Friday 15 November 2019

Painter who killed baby boy and lied to cover his tracks jailed for 11 years

Philip Doyle and baby Ross Murphy
Philip Doyle and baby Ross Murphy
Philip Doyle
Ross Murphy

Nicola Donnelly and Eimear Ni Bhraonain

A serial liar was last night starting an 11-year jail sentence for killing a helpless baby boy.

Philip Doyle was yesterday sentenced for the manslaughter of baby Ross Murphy in Gorey, Co Wexford, on April 5, 2005.

The baby was only three-and-a-half months old when he died from brain trauma suggesting he had been violently shaken.

Painter and decorator Doyle (34), from the rural Wicklow community of Tinakilly, Aughrim, was found guilty of the manslaughter of baby Ross at 3 Creagh Demesne in Gorey.

Mr Justice Patrick McCarthy at the Central Criminal Court handed Doyle an 11-year sentence yesterday saying that "significant violence" had been inflicted on baby Ross when he was a "helpless child".

Mr Justice McCarthy also said Doyle's apology was of "no worth" as it did not "even now accept the truth".

"It was a serious case of assault manslaughter on a child. Significant violence was inflicted over a period of time and the deceased was helpless."

Doyle had also "persisted in lying" about the circumstances of the baby's injuries, he said.

"The lies aggravate this homicide in many ways," Mr Justice McCarthy added.

Doyle met the baby's mother, Leona Murphy, while she was heavily pregnant shortly after her 21st birthday. The couple then moved in together.

Baby Ross was initially taken to Wexford General Hospital on March 31, 2005, because he was "lifeless" and getting sick on the bed. He was kept in for observation because of a rash on his neck and released on Sunday, April 3.

Doyle was minding the baby at the home he shared with Ms Murphy that evening when she went out to get a DVD. Shortly afterwards she returned home and the baby was rushed to hospital again.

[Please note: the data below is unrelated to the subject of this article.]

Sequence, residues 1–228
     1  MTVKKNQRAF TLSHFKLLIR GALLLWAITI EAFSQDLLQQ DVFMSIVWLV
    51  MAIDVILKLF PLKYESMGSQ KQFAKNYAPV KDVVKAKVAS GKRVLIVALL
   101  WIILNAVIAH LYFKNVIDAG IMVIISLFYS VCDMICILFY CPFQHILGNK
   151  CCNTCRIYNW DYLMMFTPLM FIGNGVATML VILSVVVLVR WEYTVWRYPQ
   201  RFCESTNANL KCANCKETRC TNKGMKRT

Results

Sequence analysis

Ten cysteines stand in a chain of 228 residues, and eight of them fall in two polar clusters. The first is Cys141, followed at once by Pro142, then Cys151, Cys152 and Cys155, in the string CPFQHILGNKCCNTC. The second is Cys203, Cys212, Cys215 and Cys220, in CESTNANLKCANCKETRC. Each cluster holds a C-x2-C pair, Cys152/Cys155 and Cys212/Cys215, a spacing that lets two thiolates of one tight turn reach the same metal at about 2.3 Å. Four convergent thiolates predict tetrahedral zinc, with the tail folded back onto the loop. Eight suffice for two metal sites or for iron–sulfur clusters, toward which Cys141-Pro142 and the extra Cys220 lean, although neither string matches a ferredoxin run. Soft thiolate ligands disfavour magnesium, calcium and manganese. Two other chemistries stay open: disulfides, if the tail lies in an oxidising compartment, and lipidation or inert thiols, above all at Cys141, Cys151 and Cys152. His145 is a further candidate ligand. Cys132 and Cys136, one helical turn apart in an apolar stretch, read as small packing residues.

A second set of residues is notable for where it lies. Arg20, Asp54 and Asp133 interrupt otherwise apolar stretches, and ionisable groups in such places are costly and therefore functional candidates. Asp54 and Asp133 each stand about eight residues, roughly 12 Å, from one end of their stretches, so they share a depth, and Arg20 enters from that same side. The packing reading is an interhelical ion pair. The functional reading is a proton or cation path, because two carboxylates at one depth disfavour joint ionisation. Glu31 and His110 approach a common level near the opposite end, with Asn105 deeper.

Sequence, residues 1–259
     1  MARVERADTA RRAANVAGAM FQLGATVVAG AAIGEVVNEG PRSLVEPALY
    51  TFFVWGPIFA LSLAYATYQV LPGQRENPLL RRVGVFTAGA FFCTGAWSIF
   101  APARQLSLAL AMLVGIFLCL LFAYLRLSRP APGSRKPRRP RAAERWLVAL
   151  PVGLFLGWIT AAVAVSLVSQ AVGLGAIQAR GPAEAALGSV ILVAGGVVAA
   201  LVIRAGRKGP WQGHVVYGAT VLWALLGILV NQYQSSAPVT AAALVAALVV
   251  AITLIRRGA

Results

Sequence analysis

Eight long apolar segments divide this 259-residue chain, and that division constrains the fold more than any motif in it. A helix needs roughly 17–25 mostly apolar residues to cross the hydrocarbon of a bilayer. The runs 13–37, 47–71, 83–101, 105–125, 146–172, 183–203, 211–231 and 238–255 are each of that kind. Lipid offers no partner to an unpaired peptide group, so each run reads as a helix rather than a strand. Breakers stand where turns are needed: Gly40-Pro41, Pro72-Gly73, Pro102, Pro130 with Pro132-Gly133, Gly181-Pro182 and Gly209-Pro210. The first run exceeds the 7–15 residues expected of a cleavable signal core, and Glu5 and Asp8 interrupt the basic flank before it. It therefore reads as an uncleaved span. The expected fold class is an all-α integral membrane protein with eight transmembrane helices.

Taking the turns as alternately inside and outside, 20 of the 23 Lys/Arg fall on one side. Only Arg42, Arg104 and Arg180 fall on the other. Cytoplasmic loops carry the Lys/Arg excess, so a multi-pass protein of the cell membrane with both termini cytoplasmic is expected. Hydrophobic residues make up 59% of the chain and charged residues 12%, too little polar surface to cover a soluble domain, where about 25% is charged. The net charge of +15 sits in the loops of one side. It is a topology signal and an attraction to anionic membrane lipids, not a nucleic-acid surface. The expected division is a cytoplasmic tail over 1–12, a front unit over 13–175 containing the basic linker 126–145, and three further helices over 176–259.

He was transferred to Our Lady's Hospital for Sick Children in Crumlin in the early hours of the next morning but died the next day of brain trauma.

Speaking after the sentencing hearing yesterday, Ms Murphy's sister, Adele Murphy, said the family found themselves "grieving all over again" as they learned of the baby's condition before the tragic death.

"Now knowing of the injuries he received and how tragic and painful his last days with us were, we find ourselves grieving all over again for our son, grandson, nephew and cousin. Our lives will never be the same again," she said.


Describing the baby as "Angel Ross", the family said they were "happy with the sentence" as they "got the closure" they had been waiting for.

Locals in Aughrim, Co Wicklow, yesterday described Doyle as a "Jack the lad" who never grew up. They said his movements before the trial portrayed a man without a care in the world.

Photographs were published earlier his summer of Doyle mingling with celebrities at various sporting events.

Ten months after he was charged in connection with baby Ross's death, he was snapped alongside rugby stars Brian O'Driscoll and Cian Healy, who were unaware of his identity.

Doyle also enjoyed days out at the races -- meeting former champion jockey Mick Kinane in Naas.

Irish Independent

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